Dreary ABT Fall Season Finally Ends

American Ballet Theatre’s Fall season came to an end today, the least successful Fall season I can remember (I think the first ABT Fall season at City Center was in 1998). The season featured several good works (Serenade after Plato’s Symposium, Her Notes) that have been performed too many times in the past several seasons; an interesting new work from Alexei Ratmansky (Songs of Bukovina); and two works to avoid from Benjamin Millepied (the new I Feel The Earth Move, and Daphnis and Chloe, which had its ABT debut last year).

Millepied’s I Feel The Earth Move is strange from the start. After Other Dances Friday, the curtain did not close and the audience could see stage hands remove the piano. Side drapes were raised, exposing lights beaming into the audience. Suddenly, music from Philip Glass’ from his Einstein on the Beach started with a cast of women walking across the stage in shorts and tank tops. The women left, leaving David Hallberg, dancing in spasms to the discordant score. I always enjoy David’s dancing, even to not so great choreography. Misty Copeland joined David for a short segment, danced with emotion, but little purpose.

Misty, Devon Teuscher, and Hee Seo led the second movement, which consisted largely of floor dances with the slipper clad women in a line, sometimes in an X pattern, possibly representing female bonding power. I really don’t know. Whatever the meaning and pattern, it was not entertaining.

Herman Cornejo made an appearance in the third movement, providing energy to the work with nice pirouettes and tours while Hee and Cory Stearns had a forgettable duet. On the supporting dancer side, dancers congregated in small circles and disbanded to the entire stage, a recurring theme. The ending was abrupt, with a jeté from dancers as the stark lights shut down.

The program has a Tony Kushner quote from Angels in America about no more secret deaths, and moving forward in the world. If this work was about the AIDS crisis, the message escaped me.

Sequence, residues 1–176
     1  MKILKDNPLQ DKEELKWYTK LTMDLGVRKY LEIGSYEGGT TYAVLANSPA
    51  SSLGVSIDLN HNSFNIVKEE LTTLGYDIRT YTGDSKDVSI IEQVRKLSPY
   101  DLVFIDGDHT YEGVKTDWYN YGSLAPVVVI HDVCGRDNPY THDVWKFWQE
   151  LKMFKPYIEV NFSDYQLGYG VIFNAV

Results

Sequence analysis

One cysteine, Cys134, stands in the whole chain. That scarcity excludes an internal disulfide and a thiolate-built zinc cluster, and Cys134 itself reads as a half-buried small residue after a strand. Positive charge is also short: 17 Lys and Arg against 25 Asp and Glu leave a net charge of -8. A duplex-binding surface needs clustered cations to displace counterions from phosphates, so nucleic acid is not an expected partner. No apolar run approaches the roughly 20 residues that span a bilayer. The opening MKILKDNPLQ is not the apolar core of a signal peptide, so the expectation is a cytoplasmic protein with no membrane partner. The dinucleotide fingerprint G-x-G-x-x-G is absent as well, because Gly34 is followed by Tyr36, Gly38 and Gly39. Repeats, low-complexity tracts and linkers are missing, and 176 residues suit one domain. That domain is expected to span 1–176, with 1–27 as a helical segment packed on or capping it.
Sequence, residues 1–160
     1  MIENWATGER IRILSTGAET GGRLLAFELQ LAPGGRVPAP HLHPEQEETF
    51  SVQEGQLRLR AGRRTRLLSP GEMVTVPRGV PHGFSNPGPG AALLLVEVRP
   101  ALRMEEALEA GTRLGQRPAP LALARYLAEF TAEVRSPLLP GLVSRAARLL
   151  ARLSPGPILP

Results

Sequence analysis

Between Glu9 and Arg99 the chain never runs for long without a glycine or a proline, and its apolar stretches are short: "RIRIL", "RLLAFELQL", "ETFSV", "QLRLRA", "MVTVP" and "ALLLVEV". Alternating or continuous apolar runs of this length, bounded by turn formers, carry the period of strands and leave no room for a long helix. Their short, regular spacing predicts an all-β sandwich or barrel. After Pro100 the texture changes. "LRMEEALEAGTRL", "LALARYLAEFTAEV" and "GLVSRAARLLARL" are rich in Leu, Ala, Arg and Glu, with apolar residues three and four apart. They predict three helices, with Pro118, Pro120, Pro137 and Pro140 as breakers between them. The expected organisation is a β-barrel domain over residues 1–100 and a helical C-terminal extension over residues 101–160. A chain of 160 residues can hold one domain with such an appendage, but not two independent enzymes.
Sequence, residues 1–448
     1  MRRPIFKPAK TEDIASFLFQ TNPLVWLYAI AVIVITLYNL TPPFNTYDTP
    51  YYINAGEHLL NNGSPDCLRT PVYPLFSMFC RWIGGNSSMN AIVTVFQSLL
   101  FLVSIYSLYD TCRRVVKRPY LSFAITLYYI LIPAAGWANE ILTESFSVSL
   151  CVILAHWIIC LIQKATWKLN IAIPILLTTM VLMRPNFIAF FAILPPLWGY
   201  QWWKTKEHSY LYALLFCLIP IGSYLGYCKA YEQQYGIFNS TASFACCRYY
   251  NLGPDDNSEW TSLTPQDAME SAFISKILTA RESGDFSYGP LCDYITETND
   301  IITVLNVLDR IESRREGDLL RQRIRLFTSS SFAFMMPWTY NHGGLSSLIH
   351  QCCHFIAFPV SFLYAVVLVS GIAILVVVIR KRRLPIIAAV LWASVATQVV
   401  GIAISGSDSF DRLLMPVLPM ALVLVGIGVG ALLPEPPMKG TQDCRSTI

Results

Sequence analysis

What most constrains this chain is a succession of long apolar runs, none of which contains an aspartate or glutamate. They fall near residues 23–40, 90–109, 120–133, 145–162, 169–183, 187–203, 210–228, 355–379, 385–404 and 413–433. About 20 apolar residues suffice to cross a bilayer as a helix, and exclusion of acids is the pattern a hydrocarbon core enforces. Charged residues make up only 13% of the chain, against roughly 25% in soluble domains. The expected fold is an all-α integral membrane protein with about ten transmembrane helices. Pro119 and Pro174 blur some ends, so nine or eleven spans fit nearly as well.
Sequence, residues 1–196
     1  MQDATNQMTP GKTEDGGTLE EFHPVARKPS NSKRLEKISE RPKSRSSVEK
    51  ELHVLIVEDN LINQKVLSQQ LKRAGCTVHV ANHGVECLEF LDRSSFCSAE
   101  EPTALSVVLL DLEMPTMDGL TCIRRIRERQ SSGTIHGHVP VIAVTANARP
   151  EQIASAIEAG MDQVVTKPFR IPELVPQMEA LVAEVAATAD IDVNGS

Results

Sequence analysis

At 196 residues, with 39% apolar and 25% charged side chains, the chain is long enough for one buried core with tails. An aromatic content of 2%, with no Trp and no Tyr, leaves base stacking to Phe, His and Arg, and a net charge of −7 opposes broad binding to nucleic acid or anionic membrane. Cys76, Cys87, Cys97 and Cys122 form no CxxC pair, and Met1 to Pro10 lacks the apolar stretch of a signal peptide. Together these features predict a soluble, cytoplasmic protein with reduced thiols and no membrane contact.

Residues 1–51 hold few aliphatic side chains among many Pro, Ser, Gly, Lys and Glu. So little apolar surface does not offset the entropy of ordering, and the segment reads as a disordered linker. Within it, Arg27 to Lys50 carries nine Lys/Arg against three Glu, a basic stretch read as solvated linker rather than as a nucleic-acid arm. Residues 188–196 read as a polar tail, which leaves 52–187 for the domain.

The work is disjointed, without meaning or cohesion. A disjointed work is not a fatal flaw for me; Nacho Duato’s Coming Together performed by Dance Theatre of Harlem (click for review) is also strange and hard to follow, but is successful because there are plenty of innovative and exciting movements. The primary negative about I Feel The Earth Move is that it is not interesting; aside from a few notable segments from Herman and David, not much stands out. The segment with the women doing a floor dance was repetitive and dull. I Feel The Earth Move is a far cry from the Jerome Robbins’ classic, Glass Pieces, a great multifaceted work. Glass Pieces succeeds as the segments are linked together nicely, with interesting combinations of steps.

ABT Fall Season 2017

Isabella Boylston and Cory Stearns. Click for more photos.

Rounding out the evening was Ratmansky’s Songs of Bukovina, nicely done by Christine Shevchenko and Calvin Royal III. The two displayed great energy in this Russian folk piece I previously reviewed. Other Dances featured Isabella Boylston and Cory Stearns. Cory had the steps down, but lacked the folksy gusto to pull it off; Isabella had a better feel for the work.

Fall Season Final Thoughts

I noted in my previous review that the biggest flaw in ABT’s Fall season was the repetition. It seems the company wanted to get by this fall by presenting recently performed works, possibly to minimize rehearsal time. Add to the rep two tedious Millepied works and the result was a dreary season. It is a shame the rep was sub par as the level of dancing was high. I enjoyed Christine Shevchenko, Calvin Royal III, Gabe Stone Shayer, Tyler Maloney and, of course, old favorites Herman Cornejo and David Hallberg.

Hopefully ABT can come up with more interesting works not recently performed next fall. Tudor, Tharp, and Taylor are always welcome.

More Reviews:

Gia Kourlas of The New York Times
Robert Gottlieb of the Observer
Marina Harss of DanceTabs
Mary Cargill of danceviewtimes
Michael Popkin of danceviewtimes
Jerry Hochman of CriticalDance
Jerry Hochman of CriticalDance